Researchers at the Perelman School of Medicine at University of Pennsylvania and University of Illinois at Urbana-Champaign have reported in journal Nature Materials on a new type of intracranial electrodes that are able to dissolve and wash out of the body once done doing their job. The technology could one day be used for both diagnostic and therapeutic applications. Currently electrodes tend to suffer from becoming less and less effective as the fibrous tissue around creates impedance to the device. Perhaps dissolvable electrodes may lessen that burden by not requiring explantation.
The silicone/molybdenum electronic devices build upon groundbreaking work of John A. Rogers of U of I Urbana-Champaign in flexible electronics. The thickness of the final product determines the time it takes for them to dissolve and so they can be prepared for specific clinical applications.
The researchers already tested the electrodes on animals and intact tissue. Here are some details according to UPenn:
For example, the team used the device to record brain waves in rats under anesthesia, as well as voltage fluctuations between neurons (EEGs), and induced epileptic spikes in intact live tissue. A separate experiment demonstrated a complex, multiplexed array made from these materials that could map rat-whisker sensing capabilities at high resolution.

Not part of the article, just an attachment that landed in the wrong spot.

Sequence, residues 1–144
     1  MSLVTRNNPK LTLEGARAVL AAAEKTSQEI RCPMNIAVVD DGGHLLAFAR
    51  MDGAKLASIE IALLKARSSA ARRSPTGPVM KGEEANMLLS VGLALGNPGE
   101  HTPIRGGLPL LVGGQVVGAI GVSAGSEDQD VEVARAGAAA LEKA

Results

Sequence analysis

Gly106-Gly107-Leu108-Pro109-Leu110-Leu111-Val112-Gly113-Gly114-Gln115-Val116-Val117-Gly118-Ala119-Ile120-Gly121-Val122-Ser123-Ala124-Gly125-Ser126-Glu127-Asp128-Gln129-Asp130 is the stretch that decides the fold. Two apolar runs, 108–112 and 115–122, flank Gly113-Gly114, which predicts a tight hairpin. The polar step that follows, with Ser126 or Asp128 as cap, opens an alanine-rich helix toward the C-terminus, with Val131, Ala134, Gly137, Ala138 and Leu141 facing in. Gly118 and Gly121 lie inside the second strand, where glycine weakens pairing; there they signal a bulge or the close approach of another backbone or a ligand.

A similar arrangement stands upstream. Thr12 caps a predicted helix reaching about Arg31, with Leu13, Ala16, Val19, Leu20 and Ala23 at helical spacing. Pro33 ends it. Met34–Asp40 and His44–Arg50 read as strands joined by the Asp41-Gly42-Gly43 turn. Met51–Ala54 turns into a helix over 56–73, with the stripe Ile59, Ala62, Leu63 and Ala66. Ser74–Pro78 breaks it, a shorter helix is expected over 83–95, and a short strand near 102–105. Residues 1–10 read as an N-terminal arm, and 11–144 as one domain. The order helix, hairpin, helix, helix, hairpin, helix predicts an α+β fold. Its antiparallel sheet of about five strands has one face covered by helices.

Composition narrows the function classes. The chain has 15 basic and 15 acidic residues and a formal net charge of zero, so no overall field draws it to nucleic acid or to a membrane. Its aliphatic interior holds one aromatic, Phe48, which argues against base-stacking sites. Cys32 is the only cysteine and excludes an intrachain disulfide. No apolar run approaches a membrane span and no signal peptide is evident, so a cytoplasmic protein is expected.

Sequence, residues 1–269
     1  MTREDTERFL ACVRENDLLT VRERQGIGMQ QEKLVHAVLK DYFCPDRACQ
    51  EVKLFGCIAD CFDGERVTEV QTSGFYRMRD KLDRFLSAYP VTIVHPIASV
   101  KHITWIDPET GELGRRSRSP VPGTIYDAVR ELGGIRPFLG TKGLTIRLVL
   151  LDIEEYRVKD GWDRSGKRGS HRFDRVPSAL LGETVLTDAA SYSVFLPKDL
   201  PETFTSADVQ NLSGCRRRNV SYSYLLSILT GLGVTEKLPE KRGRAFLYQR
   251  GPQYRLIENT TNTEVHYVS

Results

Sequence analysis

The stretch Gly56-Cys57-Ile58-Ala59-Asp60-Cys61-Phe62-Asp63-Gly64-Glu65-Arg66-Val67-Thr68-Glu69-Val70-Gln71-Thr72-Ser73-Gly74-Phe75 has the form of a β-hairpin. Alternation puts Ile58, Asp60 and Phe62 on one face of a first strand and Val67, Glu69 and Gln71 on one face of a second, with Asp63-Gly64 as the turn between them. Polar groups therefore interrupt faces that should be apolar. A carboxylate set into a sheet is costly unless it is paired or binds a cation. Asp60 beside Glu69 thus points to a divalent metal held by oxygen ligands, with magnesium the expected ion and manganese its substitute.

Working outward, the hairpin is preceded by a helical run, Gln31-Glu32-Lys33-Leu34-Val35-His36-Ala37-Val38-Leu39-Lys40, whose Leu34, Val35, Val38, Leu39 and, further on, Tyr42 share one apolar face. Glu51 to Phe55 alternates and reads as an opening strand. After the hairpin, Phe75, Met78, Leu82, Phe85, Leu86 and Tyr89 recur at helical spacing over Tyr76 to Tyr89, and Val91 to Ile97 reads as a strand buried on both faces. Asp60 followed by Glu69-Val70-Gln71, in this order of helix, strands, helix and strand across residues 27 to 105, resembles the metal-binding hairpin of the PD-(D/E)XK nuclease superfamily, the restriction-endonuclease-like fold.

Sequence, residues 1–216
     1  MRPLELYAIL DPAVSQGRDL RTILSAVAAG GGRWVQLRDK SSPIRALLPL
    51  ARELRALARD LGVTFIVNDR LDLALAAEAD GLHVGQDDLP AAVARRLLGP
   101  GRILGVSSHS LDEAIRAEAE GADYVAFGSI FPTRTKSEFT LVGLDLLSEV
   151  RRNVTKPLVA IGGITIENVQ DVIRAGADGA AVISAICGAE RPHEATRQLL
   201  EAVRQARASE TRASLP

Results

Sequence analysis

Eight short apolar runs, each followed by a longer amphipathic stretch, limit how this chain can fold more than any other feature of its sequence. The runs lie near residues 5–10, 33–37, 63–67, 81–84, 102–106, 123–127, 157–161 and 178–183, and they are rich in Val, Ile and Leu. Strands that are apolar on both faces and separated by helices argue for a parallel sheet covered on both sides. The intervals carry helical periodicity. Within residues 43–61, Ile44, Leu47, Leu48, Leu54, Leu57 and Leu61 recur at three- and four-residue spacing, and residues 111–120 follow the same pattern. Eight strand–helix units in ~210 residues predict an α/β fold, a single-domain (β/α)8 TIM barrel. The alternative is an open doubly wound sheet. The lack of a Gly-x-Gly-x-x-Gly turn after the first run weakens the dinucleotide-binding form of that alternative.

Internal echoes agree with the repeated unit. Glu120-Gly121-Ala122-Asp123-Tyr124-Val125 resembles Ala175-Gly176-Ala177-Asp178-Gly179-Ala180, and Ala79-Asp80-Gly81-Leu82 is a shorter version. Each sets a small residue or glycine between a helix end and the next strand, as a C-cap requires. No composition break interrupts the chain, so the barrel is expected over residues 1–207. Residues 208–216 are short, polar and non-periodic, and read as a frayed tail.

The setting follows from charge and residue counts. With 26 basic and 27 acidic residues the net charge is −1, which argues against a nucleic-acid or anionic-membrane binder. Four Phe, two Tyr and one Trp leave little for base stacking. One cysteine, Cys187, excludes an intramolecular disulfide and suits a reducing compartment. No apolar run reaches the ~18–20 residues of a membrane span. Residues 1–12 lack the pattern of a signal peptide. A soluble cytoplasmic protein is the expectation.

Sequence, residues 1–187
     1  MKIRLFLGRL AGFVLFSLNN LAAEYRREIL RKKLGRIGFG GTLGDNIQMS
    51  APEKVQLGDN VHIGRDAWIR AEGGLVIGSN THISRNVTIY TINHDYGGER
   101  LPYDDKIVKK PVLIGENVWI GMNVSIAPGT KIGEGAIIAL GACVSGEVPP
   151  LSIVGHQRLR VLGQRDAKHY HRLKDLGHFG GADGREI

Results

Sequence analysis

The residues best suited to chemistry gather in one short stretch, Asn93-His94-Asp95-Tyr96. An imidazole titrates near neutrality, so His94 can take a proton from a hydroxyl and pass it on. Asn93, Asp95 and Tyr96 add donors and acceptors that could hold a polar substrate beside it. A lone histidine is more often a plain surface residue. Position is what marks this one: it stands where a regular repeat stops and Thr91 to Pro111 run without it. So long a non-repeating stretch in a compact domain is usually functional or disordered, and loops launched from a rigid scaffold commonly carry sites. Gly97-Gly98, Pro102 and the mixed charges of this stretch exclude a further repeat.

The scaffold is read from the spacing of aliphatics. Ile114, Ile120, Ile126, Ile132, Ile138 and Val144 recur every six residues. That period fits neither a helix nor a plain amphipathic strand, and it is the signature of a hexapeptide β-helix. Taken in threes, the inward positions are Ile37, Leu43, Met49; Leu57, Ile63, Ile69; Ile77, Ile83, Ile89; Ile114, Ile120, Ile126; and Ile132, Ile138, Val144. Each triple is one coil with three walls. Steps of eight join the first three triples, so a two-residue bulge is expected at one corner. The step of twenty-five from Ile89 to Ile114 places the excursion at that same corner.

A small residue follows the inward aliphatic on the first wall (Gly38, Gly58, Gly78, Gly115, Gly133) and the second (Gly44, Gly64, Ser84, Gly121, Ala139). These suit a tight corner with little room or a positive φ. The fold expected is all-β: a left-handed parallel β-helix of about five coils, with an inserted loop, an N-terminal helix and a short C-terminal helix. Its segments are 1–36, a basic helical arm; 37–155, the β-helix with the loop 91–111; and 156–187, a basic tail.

These electrophysiological signals were recorded from devices placed at the surface of the brain cortex (the outer layer of tissue) and the inner space between the scalp and skull. Chronic measurements were made over a 30-day period, while acute experiments demonstrated device operations over three to four hours.
Comparative studies showed that the new sensor performed as well or better relative to conventional electrodes used in the clinic, with regard to tissue reactivity as measured by tissue pathology, as well as cellular and immune staining after the studies’ end.
The team next plans to develop more complex devices that include flow, pressure, and other measurement capabilities, in addition to electrical recording, and test them in animal models of disease, before moving into human testing.
Source: Penn Medicine…